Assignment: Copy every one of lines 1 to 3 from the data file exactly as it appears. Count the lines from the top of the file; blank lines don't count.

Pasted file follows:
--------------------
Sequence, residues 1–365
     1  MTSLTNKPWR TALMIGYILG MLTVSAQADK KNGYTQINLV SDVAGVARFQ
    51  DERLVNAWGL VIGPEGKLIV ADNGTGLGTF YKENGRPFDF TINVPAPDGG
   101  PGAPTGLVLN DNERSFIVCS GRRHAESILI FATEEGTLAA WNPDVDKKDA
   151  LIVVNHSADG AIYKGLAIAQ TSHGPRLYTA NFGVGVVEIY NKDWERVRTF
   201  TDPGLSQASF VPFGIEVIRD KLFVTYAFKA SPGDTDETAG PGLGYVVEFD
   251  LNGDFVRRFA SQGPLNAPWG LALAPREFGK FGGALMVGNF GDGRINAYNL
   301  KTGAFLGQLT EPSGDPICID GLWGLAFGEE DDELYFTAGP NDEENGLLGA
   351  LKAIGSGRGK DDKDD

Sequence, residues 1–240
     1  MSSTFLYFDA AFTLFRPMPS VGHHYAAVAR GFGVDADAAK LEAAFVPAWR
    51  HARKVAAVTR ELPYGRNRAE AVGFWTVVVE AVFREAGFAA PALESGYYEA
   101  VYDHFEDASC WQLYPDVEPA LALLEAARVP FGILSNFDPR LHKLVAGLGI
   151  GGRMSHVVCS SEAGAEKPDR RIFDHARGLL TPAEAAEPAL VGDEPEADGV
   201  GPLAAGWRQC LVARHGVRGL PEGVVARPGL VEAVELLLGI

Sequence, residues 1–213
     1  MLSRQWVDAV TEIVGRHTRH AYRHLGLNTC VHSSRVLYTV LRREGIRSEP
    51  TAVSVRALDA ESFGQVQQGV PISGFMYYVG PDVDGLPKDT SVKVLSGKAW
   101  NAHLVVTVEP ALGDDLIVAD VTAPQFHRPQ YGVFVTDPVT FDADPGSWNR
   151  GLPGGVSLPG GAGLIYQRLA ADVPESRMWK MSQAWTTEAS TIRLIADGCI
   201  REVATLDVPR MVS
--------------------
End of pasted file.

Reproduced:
Sequence, residues 1–365
     1  MTSLTNKPWR TALMIGYILG MLTVSAQADK KNGYTQINLV SDVAGVARFQ
    51  DERLVNAWGL VIGPEGKLIV ADNGTGLGTF YKENGRPFDF TINVPAPDGG